COMPARATIVE STUDY
JOURNAL ARTICLE

Anatomical and computed tomographic analysis of the transcochlear and endoscopic transclival approaches to the petroclival region

Eric Mason, Jason Van Rompaey, Ricardo Carrau, Benedict Panizza, C Arturo Solares
Laryngoscope 2014, 124 (3): 628-36
24105807

OBJECTIVES/HYPOTHESIS: Advances in the field of skull base surgery aim to maximize anatomical exposure while minimizing patient morbidity. The petroclival region of the skull base presents numerous challenges for surgical access due to the complex anatomy. The transcochlear approach to the region provides adequate access; however, the resection involved sacrifices hearing and results in at least a grade 3 facial palsy. An endoscopic endonasal approach could potentially avoid negative patient outcomes while providing a desirable surgical window in a select patient population.

STUDY DESIGN: Cadaveric study.

METHODS: Endoscopic access to the petroclival region was achieved through an endonasal approach. For comparison, a transcochlear approach to the clivus was performed. Different facets of the dissections, such as bone removal volume and exposed surface area, were computed using computed tomography analysis.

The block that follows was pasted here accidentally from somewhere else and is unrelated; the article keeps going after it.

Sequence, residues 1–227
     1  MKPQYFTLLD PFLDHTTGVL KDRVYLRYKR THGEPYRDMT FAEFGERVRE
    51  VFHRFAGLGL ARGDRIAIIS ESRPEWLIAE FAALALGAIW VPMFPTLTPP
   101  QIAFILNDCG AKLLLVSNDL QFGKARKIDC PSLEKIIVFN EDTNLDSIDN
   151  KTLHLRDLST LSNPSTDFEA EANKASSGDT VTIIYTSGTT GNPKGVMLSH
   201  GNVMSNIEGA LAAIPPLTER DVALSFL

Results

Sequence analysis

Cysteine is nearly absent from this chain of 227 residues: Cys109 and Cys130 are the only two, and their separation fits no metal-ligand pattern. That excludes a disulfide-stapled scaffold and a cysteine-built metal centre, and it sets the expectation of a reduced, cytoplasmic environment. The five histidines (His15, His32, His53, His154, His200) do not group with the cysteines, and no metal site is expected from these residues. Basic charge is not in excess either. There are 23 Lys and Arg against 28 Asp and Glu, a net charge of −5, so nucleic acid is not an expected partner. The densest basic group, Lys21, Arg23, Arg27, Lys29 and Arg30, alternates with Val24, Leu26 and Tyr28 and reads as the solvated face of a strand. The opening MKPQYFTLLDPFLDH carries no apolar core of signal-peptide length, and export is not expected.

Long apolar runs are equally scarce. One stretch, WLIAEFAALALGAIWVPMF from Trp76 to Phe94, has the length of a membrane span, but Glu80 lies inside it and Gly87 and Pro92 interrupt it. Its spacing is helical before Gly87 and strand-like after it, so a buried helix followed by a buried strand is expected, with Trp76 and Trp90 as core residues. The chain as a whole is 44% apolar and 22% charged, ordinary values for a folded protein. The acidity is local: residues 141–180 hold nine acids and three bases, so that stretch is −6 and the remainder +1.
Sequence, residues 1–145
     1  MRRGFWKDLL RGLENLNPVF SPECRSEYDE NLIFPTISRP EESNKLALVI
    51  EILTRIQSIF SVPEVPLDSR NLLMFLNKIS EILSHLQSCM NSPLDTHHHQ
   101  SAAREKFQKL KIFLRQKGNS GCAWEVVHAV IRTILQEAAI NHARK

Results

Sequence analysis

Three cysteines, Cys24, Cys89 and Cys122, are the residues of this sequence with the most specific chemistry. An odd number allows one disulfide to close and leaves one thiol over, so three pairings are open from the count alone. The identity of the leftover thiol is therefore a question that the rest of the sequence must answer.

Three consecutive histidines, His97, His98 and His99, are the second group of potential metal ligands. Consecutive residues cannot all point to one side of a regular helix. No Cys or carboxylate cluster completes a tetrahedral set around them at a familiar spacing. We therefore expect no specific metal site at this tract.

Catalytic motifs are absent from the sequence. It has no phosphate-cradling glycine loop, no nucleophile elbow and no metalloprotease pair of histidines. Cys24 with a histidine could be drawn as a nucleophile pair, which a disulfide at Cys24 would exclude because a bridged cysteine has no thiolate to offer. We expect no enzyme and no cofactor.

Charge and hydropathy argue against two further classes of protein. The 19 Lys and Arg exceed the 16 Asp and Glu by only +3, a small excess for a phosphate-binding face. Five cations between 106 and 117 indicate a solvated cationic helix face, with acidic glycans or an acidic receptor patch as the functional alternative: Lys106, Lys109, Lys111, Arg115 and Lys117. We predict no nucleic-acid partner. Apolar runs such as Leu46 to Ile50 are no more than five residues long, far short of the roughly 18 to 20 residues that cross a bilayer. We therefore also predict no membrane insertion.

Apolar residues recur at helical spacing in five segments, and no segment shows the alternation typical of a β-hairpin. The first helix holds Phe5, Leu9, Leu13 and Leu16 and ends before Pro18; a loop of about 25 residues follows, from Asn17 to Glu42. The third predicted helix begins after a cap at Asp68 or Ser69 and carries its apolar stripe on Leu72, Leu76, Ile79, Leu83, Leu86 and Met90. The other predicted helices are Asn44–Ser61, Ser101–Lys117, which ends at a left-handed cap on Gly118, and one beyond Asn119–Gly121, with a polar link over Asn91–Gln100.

RESULTS: The endoscopic endonasal approach provided a sufficient corridor to the petroclival region with significantly less bone removal and nearly equivalent exposure of the surgical target, thus facilitating the identification of the relevant anatomy. The lateral approach allowed for better exposure from a posterolateral direction until the inferior petrosal sinus; however, the endonasal approach avoided labyrinthine/cochlear destruction and facial nerve manipulation while providing an anteromedial viewpoint. The endonasal approach also avoided external incisions and cosmetic deficits. The endonasal approach required significant sinonasal resection.

CONCLUSIONS: Endoscopic access to the petroclival region is a feasible approach. It potentially avoids hearing loss, facial nerve manipulation, and cosmetic damage.

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